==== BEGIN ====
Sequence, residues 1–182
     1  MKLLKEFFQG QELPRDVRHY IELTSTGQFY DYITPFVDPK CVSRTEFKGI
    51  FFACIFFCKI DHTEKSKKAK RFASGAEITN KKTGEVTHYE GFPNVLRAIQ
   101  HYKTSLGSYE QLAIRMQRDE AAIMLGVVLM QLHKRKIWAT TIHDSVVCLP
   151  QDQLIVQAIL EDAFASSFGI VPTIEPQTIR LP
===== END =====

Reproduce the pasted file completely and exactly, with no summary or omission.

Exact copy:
Sequence, residues 1–182
     1  MKLLKEFFQG QELPRDVRHY IELTSTGQFY DYITPFVDPK CVSRTEFKGI
    51  FFACIFFCKI DHTEKSKKAK RFASGAEITN KKTGEVTHYE GFPNVLRAIQ
   101  HYKTSLGSYE QLAIRMQRDE AAIMLGVVLM QLHKRKIWAT TIHDSVVCLP
   151  QDQLIVQAIL EDAFASSFGI VPTIEPQTIR LP